MILWAUKEE - From campus outbreaks to in-person courses this spring, the University of Wisconsin System has overcome challenges at the start of the school year.
As the fall semester wraps up, there are plans for a promising spring.
Quarantined on campus at one point, some UW System students had quite the start to the school year.
"We had to overcome some adversity," said Andrew Peterson, UW System Board of Regents president.
Andrew Peterson, UW System Board of Regents president
After altering behaviors, Peterson said he couldn't be happier with the performance schools had in the fall semester.
"Ultimately we were able to persevere, every single one of our campuses was able to deliver on-campus, in-person education experience this fall," Peterson said.
Peterson says that an overwhelming amount of college students and their parents want just that -- on-campus, in-person learning. And the UW system is now looking to have even more in-person classes come spring, continuing to monitor safety and cases of COVID-19.
"We’ve done 500,000 tests across Wisconsin these last six months, and we are doing it on our campuses where we have the physical assets in 13 regions across the state to deliver it," said Peterson. "We are testing our faculty and staff and students, but if you are a community member in Madison, Milwaukee or Eau Claire, you can get a test for free."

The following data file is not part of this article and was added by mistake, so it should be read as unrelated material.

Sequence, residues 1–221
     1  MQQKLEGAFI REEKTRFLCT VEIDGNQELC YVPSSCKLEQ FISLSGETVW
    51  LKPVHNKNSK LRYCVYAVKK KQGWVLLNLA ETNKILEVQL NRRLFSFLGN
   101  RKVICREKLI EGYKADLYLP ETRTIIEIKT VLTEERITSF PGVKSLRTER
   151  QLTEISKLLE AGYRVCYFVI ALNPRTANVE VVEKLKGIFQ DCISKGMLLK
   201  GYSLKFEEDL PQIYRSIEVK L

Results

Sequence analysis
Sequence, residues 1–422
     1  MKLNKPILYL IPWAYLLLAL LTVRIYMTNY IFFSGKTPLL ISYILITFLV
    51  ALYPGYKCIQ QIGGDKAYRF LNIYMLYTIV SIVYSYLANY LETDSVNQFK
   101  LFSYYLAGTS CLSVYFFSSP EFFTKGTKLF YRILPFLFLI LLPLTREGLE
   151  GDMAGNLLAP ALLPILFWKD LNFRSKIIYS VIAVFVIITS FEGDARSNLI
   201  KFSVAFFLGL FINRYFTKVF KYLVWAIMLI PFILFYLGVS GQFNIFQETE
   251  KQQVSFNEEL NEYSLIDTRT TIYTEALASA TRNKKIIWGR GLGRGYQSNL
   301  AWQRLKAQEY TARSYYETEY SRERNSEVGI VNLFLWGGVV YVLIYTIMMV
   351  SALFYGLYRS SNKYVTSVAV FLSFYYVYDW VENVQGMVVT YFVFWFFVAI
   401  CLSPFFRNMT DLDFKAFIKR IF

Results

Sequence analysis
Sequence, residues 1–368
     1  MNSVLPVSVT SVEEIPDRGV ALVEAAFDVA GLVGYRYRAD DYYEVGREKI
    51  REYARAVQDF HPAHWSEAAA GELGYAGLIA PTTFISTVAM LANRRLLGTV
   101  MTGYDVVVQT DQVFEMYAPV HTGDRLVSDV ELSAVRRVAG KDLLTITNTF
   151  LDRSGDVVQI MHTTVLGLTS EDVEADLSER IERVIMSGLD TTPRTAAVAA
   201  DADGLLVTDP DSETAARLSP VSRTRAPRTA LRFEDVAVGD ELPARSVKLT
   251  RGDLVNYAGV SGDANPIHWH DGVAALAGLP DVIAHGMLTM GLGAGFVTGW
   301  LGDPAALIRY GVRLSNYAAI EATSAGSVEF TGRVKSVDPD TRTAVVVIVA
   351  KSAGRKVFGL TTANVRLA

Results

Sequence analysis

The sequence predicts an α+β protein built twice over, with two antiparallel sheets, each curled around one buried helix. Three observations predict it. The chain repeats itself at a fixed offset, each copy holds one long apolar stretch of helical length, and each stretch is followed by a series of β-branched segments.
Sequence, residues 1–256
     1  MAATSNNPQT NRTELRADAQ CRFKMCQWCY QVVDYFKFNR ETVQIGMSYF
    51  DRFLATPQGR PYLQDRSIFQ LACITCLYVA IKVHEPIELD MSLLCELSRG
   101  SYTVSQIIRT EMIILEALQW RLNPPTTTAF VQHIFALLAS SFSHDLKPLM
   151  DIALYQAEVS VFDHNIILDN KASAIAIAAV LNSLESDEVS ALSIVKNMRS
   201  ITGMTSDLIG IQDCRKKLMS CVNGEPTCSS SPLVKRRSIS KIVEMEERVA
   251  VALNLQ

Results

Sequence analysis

When students return to campus in January for the spring semester, schools will test upon arrival. Those living in campus residence halls will be tested twice a week. For those living off-campus, it will be once every other week.
Plans to increase testing in the spring come with developments with COVID-19 vaccines -- another effort to control the spread.
"We are having conversations with the federal government, the state about becoming a distribution hub for the vaccine as a durable vaccine becomes available in the spring," Peterson said.
Peterson also said the UW System is making a budget request -- including a 4.5% salary increase for faculty over the next two years.
He said the talent offers high-quality education and the impact made during the pandemic goes beyond educational delivery.